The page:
| Discussion|| |
Surgical treatment of SDAVFs involves simple intradural interruption of arterialized MV, eliminating retrograde blood flow to the spinal cord, which halts the progression of congestive myelopathy. However, the postoperative course of neurological function does not always correlate with the reduction of intramedullary high signals on T2-weighted images., Several prognostic factors for functional recovery from SDAVF, such as age, duration of illness and neurological status just before treatment have been identified. The relationship between the chronological change of spinal cord circulation and function in SDAVF is complex and needs to be elucidated.
Congestive myelopathy caused by SDAVF, referred to as subacute necrotizing myelopathy, has been believed to be identical with the condition first described by Foix and Alajouanine in 1926. However, the term "Foix-Alajouanine syndrome" for patients with spinal dural AVF seems to be of little practical use and cannot be referred strictly to as a synonym. This clinical entity of "Foix-Alajouanine syndrome" has been considered to be the result of progressive vascular thrombosis resulting in a necrotic myelopathy in a patient with a spinal AV malformation. Acute or subacute progression of non-hemorrhagic infarction in a patient with SDAVF is caused by progressive venous congestion. Hurst et al reported the spinal cord pathology in a case of angiographically proven SDAVF. They documented a subpial angiomatous collection of vessels with thickened walls, extensive vascular sclerosis and gliosis in the white matter parenchyma, patchy myelin loss and concomitant axonal loss, identical to non-hemorrhagic venous infarction of the spinal cord and supporting the underlying mechanism of congestive myelopathy. Venous hypertension is transmitted directly to the intrinsic veins of the spinal cord with a decrease in tissue perfusion and progressive hypoxia of the neural tissue, ultimately leading to irreversible spinal cord dysfunction. Increasing blood volume or arterial stress into the spinal venous circulation leads to the histological alterations of spinal vascular structure, although anatomical variations among the patients or the possible progression of venous thrombosis in SDAVF should be considered.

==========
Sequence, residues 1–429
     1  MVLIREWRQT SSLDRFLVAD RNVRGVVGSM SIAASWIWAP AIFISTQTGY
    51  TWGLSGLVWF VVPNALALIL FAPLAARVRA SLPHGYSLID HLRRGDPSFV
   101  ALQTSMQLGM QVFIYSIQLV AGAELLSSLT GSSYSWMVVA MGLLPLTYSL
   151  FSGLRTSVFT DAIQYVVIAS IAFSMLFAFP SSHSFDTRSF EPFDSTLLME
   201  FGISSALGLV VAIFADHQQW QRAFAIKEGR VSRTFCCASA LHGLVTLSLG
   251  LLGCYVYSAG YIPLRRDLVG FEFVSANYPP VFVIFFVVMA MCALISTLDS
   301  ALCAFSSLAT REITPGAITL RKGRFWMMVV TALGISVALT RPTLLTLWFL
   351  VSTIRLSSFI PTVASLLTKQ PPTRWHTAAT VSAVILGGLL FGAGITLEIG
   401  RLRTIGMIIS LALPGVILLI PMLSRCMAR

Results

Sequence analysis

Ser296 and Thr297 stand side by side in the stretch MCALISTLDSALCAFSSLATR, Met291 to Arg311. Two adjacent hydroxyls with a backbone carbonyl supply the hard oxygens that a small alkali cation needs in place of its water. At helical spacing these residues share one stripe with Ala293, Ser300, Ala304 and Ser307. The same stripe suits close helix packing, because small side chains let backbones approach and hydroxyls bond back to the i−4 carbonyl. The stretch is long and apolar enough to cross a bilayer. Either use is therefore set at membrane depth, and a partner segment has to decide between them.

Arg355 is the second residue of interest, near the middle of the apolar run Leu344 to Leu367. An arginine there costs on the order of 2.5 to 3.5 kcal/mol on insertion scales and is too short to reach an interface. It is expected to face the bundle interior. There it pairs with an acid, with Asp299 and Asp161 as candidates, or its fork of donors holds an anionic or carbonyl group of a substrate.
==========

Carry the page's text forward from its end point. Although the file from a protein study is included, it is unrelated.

Although there are a limited number of cases in the present report, it may be helpful to predict the functional prognosis after treatment based on the findings of MV histology, or retrograde venous filling on preoperative angiography. Our observations support the clinical concept that long-standing arterial stress in the spinal venous circulation in SDAVF causes histological alteration of the spinal vascular structure associated with the progression of venous hypertension. We suggested that possibly the histological parameter can be used for predicting neurological recovery after occlusion of the fistulas.
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[Figure - 1], [Figure - 2], [Figure - 3], [Figure - 4]
[Table - 1]